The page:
Comment from Jerribear76
Time January 1, 2010 at 4:28 am

1 cup water
1/4 cup sugar
1-2 drops red food color

Mix water and sugar. Heat until sugar is dissolved. Add food coloring and let cool.
Pour into feeder and enjoy watching the hummingbirds!!
References :

Comment from Lavenderlady
Time January 1, 2010 at 4:48 am

I use 1/4 cup sugar to a cup of water. But I use distilled water I buy in the store and bring it to a slow warm to just melt the sugar. Let it cool and add to the feeders. That’s it. I do not add anything else and the birds love it.
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Comment from Marianne T
Time January 1, 2010 at 5:34 am

It is bad for them. Feed them the hummingbird nectar because it is closest to the nectar they would gather from flowers. You should get the dry nectar that you add water to and keep in your refrigerator. It’s handy and you will also have it on the shelf when you need it.
References :

Comment from birdgirl
Time January 1, 2010 at 5:54 am

the ONLY thing you should be using is sugar and water. They DO NOT need the red coloring, if the feeder is red….that is color enough to attract them. Boil 1 part water to 4 parts sugar. Cool, then add into feeder. The red coloring in the nectar you get at the stores is thought to be bad for them. It is said to cause build up in the liver and bladder failure.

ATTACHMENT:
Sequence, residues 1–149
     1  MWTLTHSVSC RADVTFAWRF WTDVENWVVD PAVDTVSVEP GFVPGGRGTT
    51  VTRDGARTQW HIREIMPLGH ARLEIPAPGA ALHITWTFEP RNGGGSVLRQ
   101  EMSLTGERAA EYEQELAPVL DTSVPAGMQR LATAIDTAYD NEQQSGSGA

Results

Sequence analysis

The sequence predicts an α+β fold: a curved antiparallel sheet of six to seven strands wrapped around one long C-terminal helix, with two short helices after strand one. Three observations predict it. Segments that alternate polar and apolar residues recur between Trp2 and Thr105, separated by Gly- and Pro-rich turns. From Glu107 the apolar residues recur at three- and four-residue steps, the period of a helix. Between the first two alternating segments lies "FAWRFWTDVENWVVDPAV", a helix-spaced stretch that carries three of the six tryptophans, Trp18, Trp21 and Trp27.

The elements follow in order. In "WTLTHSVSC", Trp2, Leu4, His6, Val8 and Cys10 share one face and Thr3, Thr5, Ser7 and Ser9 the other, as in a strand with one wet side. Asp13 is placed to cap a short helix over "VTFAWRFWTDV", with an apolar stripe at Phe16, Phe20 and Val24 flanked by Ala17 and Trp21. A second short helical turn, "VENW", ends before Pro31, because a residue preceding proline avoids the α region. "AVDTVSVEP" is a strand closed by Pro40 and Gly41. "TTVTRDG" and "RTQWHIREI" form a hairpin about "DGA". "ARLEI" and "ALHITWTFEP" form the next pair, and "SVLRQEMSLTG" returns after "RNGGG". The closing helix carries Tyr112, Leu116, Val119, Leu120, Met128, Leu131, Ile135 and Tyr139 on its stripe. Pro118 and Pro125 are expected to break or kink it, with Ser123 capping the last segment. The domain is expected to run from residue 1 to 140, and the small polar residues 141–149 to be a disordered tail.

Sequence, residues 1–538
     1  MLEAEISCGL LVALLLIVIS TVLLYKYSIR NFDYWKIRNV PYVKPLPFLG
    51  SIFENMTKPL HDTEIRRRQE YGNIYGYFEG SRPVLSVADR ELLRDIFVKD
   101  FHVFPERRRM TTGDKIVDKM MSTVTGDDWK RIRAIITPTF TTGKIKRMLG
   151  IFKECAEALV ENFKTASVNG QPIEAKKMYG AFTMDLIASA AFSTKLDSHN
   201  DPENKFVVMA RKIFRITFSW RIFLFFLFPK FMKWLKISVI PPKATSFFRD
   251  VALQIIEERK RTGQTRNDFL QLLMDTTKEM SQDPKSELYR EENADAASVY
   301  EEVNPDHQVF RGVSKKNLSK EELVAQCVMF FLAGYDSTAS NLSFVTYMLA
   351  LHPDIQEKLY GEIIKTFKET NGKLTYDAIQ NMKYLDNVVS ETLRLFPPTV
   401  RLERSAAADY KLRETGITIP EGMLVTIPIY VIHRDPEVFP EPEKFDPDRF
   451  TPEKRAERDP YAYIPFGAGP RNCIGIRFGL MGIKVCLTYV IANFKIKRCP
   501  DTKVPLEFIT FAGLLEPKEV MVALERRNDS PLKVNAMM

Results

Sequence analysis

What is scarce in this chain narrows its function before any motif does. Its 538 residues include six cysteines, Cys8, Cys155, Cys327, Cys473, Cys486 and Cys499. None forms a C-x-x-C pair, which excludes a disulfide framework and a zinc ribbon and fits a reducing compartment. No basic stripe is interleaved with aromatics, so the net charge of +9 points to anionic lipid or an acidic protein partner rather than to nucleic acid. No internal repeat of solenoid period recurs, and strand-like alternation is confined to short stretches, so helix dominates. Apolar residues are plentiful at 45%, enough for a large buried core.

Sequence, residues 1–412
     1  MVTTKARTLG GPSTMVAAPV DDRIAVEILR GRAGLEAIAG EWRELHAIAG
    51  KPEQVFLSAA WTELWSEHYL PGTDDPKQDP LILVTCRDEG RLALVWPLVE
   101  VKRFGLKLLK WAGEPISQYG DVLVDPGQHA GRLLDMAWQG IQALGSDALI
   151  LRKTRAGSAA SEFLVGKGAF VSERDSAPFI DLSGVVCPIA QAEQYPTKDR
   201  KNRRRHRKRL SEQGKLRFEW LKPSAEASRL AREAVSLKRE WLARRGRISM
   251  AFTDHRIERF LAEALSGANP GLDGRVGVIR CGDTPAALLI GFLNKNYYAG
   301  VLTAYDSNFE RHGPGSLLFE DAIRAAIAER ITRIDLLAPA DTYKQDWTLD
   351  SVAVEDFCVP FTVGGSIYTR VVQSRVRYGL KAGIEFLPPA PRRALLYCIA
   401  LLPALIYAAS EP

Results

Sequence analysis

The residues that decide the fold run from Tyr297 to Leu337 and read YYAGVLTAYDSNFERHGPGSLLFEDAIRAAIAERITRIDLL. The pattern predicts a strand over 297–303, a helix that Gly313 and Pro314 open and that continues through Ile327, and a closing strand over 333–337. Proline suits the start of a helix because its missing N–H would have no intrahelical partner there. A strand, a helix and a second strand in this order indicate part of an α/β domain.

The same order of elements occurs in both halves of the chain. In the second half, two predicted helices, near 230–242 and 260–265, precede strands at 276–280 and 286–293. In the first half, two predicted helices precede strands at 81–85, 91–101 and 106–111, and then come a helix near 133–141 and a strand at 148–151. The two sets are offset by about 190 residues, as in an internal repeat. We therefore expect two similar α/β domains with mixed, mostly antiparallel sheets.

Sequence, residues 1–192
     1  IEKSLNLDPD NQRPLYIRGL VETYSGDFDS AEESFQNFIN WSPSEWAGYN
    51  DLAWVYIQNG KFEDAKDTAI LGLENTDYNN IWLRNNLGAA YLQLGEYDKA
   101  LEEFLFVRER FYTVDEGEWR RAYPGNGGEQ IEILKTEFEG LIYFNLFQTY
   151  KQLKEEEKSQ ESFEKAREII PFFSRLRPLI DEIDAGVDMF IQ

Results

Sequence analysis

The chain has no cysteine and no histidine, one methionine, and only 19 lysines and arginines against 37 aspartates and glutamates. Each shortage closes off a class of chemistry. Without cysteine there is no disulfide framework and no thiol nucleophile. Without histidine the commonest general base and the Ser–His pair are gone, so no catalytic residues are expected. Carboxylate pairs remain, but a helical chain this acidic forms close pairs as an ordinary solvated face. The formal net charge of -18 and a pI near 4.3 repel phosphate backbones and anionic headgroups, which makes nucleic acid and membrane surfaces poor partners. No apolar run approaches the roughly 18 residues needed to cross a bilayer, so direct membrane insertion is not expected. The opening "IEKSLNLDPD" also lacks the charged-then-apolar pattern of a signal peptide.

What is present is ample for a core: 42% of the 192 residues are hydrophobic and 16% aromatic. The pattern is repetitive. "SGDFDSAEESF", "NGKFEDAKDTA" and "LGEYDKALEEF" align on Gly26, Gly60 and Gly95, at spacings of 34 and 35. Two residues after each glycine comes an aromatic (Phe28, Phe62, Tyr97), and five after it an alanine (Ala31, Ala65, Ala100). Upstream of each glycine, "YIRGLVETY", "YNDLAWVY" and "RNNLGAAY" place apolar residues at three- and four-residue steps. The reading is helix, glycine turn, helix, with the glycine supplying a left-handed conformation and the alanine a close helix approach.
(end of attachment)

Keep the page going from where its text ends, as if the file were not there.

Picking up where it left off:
References :
I am an ornithologist

Comment from blackpup
Time January 1, 2010 at 6:26 am

I had been using the nectar mixture for a few years, but today, when I was installing the feeder, I just did the sugar/water mixture. I have never had any hummingbird action like this before, I regret never having tried this before. BTW my feeder is transparent, and they are still hooked on the liquid anyway. I will never buy the store stuff again.
References :

Comment from Kels
Time March 16, 2011 at 9:37 pm

Just a comment about birdgirl the orthinoligist posting above. Do NOT follow birdgirl’s recipe for nectar. I’m sure she just made a typo, but you do NOT ever put four parts sugar to one part water. It should always be the other way around: four parts water to one part sugar. You don’t want to give the birds a sugar overdose. Also, yes, it needs to be changed daily in warm weather, sometimes twice a day if it’s really hot. In cooler weather, change it every other day. It ferments and turns into alcohol if you don’t change it and the birds get drunk. I had a hummingbird drink a lot at dust one time and it flew into the ground. Luckily, it re-oriented itself and flew off. I went to check the feeder, and it smelled of alcohol because the hot weather had changed it into a form of booze. I had a drunken bird! From then on, I only made small batches, put smaller amounts out, and changed daily. It’s more work, but worth it to keep the birds healthy. You also should scrub all parts of the feeder with pipe cleaners or whatever tools you need to get into crevices. Use baking soda and rinse well, making sure to get all the soda out.